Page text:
Instead this woman is fumbling for words and talking about “cutting the balance in half”. I figure she means they want us to pay half, pronto. But no, she explains – the owner of the practice wants to cut our bill in half. As in, a big discount. Apparently for no other reason than that he knows we are a single-income family with young children who are trying to make ends meet. When I get the gist of what this woman is trying to tell me, I am almost upset. A part of me wants to stiffly defend our intention of meeting the payment agreement and deny any special favors. Another part of me knows that we are behind on quite a few bills and we should accept the generosity offered us.
Life is so much simpler when people don’t deviate from the normal script. If you owe money you can feel harassed, bitch to your spouse about how his or her spending habits are “the problem”, complain about the price of gas or scrimp on your tips to the barista out of resentment for the cost of your daily four-dollar coffee. But when someone offers to forgive a debt, it throws you. You are forced to either deny the generosity, or loosen up your grip on anxiety and anger. Of course – who doesn’t appreciate the offer (in this case, $300 and change)? Who doesn’t feel humbled by such a gesture? And who among us can say, “Thank you” – with grace in their heart and a mindfulness to live more generously yet responsibly?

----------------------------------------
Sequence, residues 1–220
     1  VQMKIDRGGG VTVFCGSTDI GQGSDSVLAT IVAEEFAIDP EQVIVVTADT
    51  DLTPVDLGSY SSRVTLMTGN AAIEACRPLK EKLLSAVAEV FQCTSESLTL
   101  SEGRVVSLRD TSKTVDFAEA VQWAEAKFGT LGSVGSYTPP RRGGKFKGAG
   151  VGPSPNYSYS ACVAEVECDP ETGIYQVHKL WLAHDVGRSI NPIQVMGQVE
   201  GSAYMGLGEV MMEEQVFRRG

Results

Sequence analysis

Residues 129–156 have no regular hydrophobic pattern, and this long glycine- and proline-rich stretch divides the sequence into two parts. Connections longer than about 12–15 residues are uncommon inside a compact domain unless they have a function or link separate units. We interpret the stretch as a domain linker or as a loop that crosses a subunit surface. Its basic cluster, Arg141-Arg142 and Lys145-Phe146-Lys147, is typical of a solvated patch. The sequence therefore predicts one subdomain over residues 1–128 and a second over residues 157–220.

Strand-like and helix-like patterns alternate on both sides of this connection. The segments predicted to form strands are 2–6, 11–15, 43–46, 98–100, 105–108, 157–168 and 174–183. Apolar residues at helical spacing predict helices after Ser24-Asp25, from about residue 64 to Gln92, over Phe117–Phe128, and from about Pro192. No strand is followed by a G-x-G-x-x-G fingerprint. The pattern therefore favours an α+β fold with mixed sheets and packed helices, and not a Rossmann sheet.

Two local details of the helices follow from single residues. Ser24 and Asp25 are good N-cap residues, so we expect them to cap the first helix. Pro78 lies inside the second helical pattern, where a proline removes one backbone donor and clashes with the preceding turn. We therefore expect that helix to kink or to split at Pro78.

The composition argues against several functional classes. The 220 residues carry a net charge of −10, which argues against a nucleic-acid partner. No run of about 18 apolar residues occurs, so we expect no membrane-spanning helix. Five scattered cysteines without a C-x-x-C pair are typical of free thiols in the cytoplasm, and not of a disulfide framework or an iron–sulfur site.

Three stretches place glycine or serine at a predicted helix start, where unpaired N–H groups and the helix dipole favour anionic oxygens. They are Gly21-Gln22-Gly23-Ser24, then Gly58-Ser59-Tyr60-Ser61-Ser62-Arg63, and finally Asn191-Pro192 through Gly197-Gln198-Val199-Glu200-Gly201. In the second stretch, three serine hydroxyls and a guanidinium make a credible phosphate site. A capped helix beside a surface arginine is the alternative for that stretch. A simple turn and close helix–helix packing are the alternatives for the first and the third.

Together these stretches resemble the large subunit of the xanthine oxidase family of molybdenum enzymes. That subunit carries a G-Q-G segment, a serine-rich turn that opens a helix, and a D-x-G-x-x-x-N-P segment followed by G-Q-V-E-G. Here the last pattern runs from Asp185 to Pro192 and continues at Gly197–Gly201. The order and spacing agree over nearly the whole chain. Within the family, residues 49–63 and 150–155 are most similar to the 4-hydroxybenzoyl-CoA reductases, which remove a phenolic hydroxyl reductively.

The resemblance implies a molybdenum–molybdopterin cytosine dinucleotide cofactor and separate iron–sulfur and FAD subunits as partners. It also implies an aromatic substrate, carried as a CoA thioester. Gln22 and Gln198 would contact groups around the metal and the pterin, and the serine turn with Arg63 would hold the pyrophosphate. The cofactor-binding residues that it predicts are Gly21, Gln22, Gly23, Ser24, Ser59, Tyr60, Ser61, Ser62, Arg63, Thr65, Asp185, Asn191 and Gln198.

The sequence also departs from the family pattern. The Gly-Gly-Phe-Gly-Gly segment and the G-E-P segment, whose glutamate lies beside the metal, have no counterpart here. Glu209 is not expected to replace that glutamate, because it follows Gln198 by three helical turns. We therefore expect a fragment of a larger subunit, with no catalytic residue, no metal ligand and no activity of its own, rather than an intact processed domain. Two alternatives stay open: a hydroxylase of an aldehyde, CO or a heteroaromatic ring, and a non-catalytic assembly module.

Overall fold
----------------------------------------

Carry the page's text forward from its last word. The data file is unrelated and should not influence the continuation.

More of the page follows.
I am consoled by what the universe has offered our family today, in part because know I am a generous person. An hour before this call I loaned our truck to a mom friend who will be left without reliable transportation for a few days. I know that when I offer something, I am offering it freely. I guess I just have a hard time accepting these things when they are thrown my way.